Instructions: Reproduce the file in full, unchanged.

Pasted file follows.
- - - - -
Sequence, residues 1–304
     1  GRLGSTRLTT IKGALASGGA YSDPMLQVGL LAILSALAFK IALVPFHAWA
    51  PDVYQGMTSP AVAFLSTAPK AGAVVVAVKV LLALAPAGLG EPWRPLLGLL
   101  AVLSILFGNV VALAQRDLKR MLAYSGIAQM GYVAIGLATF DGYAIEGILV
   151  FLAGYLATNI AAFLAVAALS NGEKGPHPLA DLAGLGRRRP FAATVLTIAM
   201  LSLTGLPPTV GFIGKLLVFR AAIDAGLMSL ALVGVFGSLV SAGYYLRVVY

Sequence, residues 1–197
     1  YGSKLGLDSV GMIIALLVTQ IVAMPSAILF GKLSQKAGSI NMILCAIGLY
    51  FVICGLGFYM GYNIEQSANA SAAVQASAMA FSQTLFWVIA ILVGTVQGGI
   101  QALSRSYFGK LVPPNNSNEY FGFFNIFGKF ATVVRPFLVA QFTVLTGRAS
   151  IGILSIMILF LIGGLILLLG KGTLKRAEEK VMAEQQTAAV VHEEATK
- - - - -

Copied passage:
Sequence, residues 1–304
     1  GRLGSTRLTT IKGALASGGA YSDPMLQVGL LAILSALAFK IALVPFHAWA
    51  PDVYQGMTSP AVAFLSTAPK AGAVVVAVKV LLALAPAGLG EPWRPLLGLL
   101  AVLSILFGNV VALAQRDLKR MLAYSGIAQM GYVAIGLATF DGYAIEGILV
   151  FLAGYLATNI AAFLAVAALS NGEKGPHPLA DLAGLGRRRP FAATVLTIAM
   201  LSLTGLPPTV GFIGKLLVFR AAIDAGLMSL ALVGVFGSLV SAGYYLRVVY

Sequence, residues 1–197
     1  YGSKLGLDSV GMIIALLVTQ IVAMPSAILF GKLSQKAGSI NMILCAIGLY
    51  FVICGLGFYM GYNIEQSANA SAAVQASAMA FSQTLFWVIA ILVGTVQGGI
   101  QALSRSYFGK LVPPNNSNEY FGFFNIFGKF ATVVRPFLVA QFTVLTGRAS
   151  IGILSIMILF LIGGLILLLG KGTLKRAEEK VMAEQQTAAV VHEEATK